How To Improve Indoor Air Quality
List of common pollutants, side effects, sources, and pollution-fighting plants
According to the National Safety Council, Americans spend about 90 percent of their time indoors, and 65 percent of that time at home. Thus poor indoor air quality can have a significant impact on people’s lives, especially those who are most vulnerable: infants and children, pregnant women, the elderly, and those who have chronic illnesses.
- Levels of pollutants in indoor air can be from two to more than 100 times higher than outdoors, according to the U.S. EPA.
Steps can be taken to help improve indoor air quality at home, the workplace, and in other indoor environments:
- The Most Important Step: Studies show that the air in our homes should be changed several times a day to prevent build up of pollutants. If you or any of your family members suffer from unexplained drowsiness, headaches or a general malaise, try getting fresh air through the house.
- Clean the air naturally: Open the windows (just a crack is sufficient) at least sev
- Check to make sure that all vents are unblocked.
- Change filters on central cooling and heating systems and air cleaners according to the manufacturer’s directions. Regularly clean the vents in your kitchen, bathroom, and dryer, and make sure they operate properly.
- Install an air purifier, or an air purification system.
- Caution is advised. Ozone-based air cleaners are not advised and both the U.S. EPA and the California Air Resources Board have issued advisories on the use of ozone air cleaners. California is currently proposing to regulate ozone air cleaners.
- Have any air-conditioning systems inspected regularly to verify that there is no internal contamination build up contributing to poor indoor air quality.
- Avoid or reduce biological contaminants by maintaining humidifiers, dehumidifiers, and air conditioners; emptying water trays in dehumidifiers, air conditioners, and refrigerators frequently; drying or removing any water-damaged carpets or furniture; and routinely cleaning bedding and items used by pets.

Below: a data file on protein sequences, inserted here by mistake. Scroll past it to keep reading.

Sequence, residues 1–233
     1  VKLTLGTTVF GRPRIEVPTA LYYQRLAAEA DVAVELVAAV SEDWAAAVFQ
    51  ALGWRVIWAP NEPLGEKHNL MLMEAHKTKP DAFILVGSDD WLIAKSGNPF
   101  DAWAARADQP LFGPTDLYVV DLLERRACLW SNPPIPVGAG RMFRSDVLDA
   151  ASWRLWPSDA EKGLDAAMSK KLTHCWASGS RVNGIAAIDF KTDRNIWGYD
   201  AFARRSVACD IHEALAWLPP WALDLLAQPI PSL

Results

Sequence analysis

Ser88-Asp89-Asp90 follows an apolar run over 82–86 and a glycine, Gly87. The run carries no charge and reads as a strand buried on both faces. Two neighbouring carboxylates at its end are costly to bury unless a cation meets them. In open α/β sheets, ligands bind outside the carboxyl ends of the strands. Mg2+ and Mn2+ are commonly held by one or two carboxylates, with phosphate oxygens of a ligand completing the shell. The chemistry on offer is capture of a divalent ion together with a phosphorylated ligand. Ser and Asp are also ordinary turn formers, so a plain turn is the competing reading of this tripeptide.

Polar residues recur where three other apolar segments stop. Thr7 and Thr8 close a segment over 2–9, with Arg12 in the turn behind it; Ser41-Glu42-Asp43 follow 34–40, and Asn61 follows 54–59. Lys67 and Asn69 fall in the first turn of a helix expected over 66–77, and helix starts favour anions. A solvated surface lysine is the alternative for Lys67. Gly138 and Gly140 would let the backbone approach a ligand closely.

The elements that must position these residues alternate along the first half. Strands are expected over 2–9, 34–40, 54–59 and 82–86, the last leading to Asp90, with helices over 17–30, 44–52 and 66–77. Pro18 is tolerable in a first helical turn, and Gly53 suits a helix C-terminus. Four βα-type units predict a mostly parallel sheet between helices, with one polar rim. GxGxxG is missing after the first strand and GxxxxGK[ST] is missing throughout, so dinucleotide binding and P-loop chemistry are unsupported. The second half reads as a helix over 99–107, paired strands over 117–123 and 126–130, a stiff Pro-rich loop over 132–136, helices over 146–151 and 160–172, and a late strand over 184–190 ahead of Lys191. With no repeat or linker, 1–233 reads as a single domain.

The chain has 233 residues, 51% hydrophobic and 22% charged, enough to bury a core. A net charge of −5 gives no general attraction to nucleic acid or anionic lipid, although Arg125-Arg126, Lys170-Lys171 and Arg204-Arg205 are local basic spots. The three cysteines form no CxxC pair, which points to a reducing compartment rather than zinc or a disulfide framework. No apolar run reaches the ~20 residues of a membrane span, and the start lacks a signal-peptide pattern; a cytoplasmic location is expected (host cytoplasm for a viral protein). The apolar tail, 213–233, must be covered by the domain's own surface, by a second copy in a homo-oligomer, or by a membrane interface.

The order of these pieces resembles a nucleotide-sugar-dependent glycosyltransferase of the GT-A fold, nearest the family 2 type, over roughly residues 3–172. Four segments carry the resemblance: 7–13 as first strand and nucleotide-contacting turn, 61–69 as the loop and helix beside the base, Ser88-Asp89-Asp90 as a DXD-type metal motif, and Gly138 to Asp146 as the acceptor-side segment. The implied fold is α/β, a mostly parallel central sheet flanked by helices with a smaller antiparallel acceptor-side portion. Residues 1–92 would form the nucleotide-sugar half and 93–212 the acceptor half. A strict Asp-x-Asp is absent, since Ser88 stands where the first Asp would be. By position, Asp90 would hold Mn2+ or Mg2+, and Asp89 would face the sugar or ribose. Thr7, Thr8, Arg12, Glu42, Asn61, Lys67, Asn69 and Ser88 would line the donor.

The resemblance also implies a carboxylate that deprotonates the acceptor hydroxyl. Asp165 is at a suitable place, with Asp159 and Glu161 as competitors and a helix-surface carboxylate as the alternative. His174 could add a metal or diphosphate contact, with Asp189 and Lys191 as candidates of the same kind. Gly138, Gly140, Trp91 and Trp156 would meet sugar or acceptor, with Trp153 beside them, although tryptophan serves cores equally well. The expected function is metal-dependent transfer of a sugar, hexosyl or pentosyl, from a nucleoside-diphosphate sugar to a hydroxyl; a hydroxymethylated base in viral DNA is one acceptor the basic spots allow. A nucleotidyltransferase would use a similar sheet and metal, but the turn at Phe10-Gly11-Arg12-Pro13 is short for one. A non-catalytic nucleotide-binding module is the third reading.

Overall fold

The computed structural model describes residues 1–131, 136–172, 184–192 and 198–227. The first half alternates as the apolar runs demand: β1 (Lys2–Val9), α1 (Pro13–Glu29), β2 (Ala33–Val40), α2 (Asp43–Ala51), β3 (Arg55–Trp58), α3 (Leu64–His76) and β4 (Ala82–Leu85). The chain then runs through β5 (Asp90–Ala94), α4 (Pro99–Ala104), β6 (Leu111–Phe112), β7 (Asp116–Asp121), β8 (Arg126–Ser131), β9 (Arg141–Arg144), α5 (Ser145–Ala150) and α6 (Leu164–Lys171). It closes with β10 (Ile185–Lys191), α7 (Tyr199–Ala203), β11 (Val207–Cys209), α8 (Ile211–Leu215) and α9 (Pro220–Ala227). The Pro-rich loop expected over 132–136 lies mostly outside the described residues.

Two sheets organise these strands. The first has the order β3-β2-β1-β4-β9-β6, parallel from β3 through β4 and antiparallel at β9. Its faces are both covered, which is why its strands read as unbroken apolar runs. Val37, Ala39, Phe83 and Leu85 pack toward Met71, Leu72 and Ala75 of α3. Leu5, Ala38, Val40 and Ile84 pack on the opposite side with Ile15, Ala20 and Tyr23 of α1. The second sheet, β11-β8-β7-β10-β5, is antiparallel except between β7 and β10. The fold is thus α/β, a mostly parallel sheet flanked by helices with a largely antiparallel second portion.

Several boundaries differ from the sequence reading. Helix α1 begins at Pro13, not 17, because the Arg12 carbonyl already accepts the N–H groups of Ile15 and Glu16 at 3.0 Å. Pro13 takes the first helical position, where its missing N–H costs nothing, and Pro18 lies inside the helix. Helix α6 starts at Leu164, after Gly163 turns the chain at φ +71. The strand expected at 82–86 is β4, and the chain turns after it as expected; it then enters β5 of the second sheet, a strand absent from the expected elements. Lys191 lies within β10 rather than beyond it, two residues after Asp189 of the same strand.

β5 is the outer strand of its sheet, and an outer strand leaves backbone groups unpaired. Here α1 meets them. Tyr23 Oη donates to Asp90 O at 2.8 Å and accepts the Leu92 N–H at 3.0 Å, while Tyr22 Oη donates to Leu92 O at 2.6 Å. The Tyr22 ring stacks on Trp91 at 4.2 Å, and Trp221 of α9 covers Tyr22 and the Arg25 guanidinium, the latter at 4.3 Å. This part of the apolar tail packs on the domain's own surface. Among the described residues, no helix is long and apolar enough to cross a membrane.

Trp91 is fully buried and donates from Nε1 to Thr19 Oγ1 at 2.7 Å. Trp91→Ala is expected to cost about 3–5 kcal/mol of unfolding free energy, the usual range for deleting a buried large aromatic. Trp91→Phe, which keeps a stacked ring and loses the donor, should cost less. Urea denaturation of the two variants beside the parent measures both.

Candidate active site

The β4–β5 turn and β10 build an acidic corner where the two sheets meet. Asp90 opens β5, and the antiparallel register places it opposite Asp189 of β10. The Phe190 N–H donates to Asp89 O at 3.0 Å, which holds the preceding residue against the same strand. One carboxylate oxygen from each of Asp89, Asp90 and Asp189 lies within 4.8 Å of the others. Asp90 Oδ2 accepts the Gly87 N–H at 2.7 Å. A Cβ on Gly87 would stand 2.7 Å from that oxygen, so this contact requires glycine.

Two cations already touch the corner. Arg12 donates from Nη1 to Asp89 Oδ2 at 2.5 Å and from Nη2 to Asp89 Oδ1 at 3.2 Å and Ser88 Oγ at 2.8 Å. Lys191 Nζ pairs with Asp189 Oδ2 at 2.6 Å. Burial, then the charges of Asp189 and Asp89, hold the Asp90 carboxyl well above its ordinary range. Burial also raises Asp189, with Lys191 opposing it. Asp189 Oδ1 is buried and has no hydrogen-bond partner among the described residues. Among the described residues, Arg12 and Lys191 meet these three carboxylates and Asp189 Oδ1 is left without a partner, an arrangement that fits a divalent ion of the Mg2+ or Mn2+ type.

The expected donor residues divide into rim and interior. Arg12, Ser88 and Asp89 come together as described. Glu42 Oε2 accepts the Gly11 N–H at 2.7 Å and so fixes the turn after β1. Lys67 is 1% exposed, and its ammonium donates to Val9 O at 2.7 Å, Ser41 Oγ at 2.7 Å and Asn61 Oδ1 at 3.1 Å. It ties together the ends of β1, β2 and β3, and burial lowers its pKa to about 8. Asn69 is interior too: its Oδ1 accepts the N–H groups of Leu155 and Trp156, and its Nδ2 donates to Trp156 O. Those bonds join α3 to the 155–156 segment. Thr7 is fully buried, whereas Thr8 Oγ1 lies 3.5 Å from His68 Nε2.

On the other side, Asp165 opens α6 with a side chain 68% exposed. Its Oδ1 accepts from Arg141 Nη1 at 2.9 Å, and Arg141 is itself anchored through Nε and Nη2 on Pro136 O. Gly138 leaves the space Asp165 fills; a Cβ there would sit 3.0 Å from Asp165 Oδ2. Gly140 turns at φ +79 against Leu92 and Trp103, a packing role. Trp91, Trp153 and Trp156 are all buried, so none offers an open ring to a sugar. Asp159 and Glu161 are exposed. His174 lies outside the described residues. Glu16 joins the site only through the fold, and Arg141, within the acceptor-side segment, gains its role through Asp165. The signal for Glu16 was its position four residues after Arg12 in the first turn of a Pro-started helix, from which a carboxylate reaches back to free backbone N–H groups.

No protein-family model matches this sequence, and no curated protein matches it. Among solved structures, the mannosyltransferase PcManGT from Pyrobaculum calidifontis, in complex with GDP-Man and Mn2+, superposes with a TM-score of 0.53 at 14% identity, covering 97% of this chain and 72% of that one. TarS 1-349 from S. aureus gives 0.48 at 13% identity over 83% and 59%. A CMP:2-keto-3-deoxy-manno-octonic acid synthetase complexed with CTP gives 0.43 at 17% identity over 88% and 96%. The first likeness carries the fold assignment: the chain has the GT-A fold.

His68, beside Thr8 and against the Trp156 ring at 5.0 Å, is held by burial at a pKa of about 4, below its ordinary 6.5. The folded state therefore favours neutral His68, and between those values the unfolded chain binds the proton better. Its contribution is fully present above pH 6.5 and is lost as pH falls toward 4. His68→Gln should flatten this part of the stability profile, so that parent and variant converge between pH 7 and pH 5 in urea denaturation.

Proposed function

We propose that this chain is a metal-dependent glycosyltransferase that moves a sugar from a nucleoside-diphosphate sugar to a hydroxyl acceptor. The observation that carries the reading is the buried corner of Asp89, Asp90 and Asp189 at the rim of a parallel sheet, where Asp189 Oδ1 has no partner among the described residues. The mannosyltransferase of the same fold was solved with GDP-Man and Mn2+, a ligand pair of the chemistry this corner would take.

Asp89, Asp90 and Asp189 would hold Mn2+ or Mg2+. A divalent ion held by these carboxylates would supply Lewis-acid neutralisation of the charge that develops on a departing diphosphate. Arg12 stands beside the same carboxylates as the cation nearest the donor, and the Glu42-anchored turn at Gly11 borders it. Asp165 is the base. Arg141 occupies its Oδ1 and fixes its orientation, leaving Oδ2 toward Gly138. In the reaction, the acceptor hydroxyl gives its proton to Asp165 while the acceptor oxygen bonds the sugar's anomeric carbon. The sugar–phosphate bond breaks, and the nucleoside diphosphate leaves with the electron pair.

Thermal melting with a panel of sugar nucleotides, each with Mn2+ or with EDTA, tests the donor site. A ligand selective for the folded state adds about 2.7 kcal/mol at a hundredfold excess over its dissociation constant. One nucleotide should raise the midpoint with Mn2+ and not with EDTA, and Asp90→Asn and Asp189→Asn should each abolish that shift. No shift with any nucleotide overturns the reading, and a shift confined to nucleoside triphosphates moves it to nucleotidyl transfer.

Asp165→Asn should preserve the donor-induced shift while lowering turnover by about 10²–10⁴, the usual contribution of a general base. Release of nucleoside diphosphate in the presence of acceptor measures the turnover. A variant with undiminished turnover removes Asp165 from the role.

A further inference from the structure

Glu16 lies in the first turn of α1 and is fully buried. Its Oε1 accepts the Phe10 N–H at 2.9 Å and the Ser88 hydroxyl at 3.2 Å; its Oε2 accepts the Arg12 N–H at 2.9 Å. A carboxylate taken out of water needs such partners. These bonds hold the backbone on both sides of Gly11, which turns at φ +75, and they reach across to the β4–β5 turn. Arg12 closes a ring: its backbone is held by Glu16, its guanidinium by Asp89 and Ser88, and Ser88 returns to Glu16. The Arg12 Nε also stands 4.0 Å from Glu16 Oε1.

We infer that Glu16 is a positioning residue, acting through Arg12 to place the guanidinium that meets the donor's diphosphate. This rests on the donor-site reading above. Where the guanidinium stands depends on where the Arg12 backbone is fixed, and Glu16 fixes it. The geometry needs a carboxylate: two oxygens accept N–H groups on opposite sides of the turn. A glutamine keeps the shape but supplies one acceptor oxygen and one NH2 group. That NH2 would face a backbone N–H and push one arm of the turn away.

- Understand the role of Green Cleaning. Indoor pollution is due in large part to volatile organic compounds (often referred to as: VOCs) that evaporate from home decorating and cleaning products. The most important step is to open windows and let those pollutants out and the next goal should be to put fewer chemicals into your environment. "Just because a product says it's natural doesn't mean it's nontoxic," says Jeffrey Hollender, CEO of Seventh Generation, producer of genuinely eco-friendly cleaning supplies and household products.
- Use natural pest control techniques indoors whenever possible. Banish pesticides from your garden and lawn as well, as these toxins can easily be transported into the house on shoes and clothing, and by air.
- Keep your plumbing traps filled with water to help prevent sewer gas from entering the building.
- Do not smoke or allow smoking in your home, and avoid indoor areas where smoking takes place. (For tips to stop smoking, please click here.)
- Prevent carbon monoxide exposure by keeping gas appliances properly serviced, having your central heating system inspected and cleaned yearly, and never idling your car inside an attached garage. Install an automatic door closer on the door connecting the garage to the house.
- Test your home for radon. Radon can seep into the house from contaminated earth and rock under the home, or from well water and/or building materials. A common misconception is that only older houses have elevated levels of this naturally occurring radioactive gas, which has been implicated in lung cancer. Indeed, some new homes are now built using radon-resistant construction techniques that can help reduce indoor radon levels. However, they are not fool-proof. Any home, old or new, airtight or drafty - can have a radon problem. Since radon is odorless, tasteless and invisible, the only way to know for sure if your home is affected is to check for radon with a quick, inexpensive test.
- Easy, do-it-yourself kits can be purchased at hardware and other retail outlets.
- Visit the U.S. Environmental Protection Agency (EPA) at epa.gov/radon to learn more or find your state's radon office on the EPA site at epa.gov/iaq/whereyoulive.html.
- http://calenvironmental.com - Mold Testing From The Website of California Environmental Testing
- www.epa.gov - Website of the United States Environmental Protection Agency (US EPA)
- BuildingEcology.com. http://www.buildingecology.com. Links to a large number of resources for information on indoor air quality.
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